First, I have to mention the gorgeous cover, which this picture doesn’t fully depict. The gold letters are raised against a rich, deep navy background resembling curtains, which, taken with the “silk” in the title, evoke a sense of luxury. It begs readers to peek behind it to see what treasures lie within. What I found was a treat indeed, but I also realized that the title and cover art are ironic in a devastating way.
The adventure, set in 1890, begins inauspiciously enough with an art dealer, Edmund Carstairs, contacting Sherlock Holmes to say he believes he’s being stalked by a thug wearing a flat cap who has followed him from America. Carstairs believes the man plans to do him harm. Holmes brings in the Baker Street Irregulars, a group of street urchins, to help. Things go awry, dead bodies start to appear, and the case turns out to be much more sinister and far-reaching than either Holmes or Watson could have imagined.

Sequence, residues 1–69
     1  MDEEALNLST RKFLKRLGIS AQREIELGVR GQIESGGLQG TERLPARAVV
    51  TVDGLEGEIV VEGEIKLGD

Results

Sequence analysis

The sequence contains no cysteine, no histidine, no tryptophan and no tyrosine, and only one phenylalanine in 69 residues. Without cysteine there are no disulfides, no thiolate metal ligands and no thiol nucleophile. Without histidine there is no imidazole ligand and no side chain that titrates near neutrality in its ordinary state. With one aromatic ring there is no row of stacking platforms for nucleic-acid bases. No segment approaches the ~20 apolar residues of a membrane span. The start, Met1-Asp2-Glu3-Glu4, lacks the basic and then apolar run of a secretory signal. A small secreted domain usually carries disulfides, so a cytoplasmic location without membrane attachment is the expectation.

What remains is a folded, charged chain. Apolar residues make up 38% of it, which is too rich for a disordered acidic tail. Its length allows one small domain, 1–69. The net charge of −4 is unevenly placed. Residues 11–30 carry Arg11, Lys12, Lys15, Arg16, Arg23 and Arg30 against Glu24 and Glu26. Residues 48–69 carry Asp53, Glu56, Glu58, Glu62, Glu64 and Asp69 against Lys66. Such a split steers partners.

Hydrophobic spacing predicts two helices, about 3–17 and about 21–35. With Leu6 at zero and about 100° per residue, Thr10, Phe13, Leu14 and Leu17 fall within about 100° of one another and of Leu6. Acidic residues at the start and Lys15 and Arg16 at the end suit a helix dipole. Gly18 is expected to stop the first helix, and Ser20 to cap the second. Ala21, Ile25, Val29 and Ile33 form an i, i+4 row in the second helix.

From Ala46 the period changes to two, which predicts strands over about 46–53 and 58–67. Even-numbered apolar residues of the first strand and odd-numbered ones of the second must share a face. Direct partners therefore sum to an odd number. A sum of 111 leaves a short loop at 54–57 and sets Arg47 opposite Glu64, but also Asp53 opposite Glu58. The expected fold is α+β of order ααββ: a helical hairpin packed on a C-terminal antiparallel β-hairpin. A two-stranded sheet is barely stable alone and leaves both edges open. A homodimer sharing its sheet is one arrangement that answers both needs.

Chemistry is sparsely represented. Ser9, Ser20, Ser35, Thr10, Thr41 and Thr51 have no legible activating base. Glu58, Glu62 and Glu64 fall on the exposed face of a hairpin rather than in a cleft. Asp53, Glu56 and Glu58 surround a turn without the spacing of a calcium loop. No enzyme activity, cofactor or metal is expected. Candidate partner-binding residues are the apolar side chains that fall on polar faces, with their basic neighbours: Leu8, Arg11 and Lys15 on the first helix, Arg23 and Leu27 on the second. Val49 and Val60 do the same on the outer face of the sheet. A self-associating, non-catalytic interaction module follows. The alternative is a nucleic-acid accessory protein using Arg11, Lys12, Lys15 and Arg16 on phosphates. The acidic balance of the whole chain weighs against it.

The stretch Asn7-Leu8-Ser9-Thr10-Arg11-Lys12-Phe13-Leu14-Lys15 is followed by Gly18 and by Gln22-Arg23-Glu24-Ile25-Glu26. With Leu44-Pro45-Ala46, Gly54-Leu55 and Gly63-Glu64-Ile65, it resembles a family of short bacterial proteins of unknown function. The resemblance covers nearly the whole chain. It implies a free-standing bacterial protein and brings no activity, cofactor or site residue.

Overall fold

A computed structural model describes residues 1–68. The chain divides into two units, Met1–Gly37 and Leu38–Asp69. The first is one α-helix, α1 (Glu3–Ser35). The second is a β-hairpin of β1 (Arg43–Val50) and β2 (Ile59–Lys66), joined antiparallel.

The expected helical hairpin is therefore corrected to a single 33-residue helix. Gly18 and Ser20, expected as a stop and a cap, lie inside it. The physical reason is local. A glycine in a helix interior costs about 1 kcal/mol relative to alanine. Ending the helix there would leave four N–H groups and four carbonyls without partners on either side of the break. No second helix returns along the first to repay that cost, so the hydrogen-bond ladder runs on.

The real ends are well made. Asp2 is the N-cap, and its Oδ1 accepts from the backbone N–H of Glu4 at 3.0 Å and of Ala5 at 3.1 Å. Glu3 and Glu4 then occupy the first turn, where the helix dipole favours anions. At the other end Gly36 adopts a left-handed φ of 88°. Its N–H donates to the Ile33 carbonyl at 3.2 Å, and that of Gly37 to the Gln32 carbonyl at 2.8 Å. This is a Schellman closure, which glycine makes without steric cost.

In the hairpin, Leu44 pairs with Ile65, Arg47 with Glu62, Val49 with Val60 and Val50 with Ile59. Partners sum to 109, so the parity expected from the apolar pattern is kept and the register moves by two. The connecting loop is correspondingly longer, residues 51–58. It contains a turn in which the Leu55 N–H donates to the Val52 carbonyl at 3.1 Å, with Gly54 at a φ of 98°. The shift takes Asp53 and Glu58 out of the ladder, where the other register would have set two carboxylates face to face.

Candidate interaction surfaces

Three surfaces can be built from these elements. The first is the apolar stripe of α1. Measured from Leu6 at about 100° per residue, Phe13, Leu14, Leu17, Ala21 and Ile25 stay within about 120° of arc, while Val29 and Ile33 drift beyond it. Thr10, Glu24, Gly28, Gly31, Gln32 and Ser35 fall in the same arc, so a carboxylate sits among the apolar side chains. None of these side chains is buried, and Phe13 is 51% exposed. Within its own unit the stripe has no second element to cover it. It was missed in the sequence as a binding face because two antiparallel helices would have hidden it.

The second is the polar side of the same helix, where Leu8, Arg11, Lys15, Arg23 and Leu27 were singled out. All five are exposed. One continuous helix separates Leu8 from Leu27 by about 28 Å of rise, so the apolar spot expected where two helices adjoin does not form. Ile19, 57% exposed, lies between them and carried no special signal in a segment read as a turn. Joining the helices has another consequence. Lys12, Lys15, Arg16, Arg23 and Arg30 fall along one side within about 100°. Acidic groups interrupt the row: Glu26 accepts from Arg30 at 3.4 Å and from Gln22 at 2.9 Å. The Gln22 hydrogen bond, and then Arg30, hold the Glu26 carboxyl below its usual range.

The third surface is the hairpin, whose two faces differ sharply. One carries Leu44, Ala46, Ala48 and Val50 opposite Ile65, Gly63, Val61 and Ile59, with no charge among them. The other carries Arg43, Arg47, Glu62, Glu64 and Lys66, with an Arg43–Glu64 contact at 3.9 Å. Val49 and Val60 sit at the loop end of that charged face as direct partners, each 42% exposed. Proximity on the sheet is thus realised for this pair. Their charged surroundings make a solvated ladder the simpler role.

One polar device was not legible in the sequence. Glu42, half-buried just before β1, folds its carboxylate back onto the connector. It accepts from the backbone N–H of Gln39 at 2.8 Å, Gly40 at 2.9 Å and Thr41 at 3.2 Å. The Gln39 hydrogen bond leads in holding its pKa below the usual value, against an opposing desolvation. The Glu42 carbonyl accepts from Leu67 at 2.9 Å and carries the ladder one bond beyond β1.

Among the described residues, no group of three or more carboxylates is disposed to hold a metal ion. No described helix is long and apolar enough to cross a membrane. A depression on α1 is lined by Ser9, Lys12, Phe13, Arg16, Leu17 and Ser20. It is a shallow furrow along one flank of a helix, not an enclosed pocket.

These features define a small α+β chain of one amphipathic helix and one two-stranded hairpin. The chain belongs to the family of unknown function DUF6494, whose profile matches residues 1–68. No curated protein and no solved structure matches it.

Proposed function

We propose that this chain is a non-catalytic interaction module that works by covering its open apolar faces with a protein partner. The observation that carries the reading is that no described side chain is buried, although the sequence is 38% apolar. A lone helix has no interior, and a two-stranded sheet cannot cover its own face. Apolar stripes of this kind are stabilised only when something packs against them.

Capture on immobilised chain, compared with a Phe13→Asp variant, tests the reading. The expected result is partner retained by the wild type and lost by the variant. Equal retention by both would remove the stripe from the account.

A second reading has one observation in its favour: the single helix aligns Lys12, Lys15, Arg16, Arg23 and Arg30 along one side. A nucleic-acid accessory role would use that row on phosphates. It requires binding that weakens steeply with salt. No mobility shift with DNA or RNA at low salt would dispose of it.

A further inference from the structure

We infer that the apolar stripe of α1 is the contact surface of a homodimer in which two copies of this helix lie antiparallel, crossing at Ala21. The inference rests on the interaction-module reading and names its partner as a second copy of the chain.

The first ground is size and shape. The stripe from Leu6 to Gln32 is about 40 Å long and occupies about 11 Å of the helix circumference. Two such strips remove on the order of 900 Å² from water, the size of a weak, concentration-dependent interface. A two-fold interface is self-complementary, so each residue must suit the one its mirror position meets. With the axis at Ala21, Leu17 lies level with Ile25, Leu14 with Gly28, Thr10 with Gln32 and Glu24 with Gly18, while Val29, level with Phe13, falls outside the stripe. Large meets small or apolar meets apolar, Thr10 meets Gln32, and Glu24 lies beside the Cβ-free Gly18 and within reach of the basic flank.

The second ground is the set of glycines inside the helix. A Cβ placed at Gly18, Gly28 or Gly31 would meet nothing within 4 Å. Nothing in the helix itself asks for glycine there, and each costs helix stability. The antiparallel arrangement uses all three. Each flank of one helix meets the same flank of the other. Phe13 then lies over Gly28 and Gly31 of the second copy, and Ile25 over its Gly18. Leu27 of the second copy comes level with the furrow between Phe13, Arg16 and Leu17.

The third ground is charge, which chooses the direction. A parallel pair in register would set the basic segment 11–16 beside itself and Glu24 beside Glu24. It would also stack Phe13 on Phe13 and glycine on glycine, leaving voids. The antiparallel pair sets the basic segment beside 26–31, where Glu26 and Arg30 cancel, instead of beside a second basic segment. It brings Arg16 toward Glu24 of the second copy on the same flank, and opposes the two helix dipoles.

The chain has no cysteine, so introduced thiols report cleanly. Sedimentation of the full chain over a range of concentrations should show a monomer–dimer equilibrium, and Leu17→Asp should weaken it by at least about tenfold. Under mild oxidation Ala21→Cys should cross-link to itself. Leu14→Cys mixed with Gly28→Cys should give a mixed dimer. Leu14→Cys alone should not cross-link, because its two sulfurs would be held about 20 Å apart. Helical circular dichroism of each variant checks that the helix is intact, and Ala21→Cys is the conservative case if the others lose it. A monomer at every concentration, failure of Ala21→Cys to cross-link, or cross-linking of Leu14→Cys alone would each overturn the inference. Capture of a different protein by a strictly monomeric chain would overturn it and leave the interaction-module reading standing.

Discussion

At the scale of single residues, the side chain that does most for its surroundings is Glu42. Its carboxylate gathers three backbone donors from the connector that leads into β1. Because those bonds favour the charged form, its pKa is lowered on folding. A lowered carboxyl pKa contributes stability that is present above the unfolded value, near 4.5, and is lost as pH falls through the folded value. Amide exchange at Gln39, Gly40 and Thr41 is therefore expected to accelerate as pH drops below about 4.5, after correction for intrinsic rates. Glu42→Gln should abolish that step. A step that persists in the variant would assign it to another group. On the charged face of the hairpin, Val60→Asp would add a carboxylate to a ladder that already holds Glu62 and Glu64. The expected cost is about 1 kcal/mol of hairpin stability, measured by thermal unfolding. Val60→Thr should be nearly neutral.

Anthony Horowitz has done something clever. This being the first Holmes novel the Arthur Conan Doyle estate has ever commissioned, the author decided to make it darker than any story in the official canon. It neatly explains why it’s coming to light now—it’s so disturbing, Watson left instructions saying it could only be published a hundred years after his death—while also making it contemporary, because the subject matter is not something Conan Doyle could have written about in his day.
Horowitz captures Watson’s narrative voice quite well, throwing in lots of familiar elements (“When you have eliminated the impossible…”) and characters—Mrs. Hudson, Mycroft, the Irregulars, Inspector Lestrade (painted in a more benevolent light here), and perhaps even a certain professor. The author has created not just one but two mysteries, both compelling, and then weaves them together in a way that seems effortless and as smooth as, well, silk. This is a must-read for hardcore fans, while also being an elegant introduction to those calling at 221B Baker Street for the first time.
Nerd verdict: House of thrills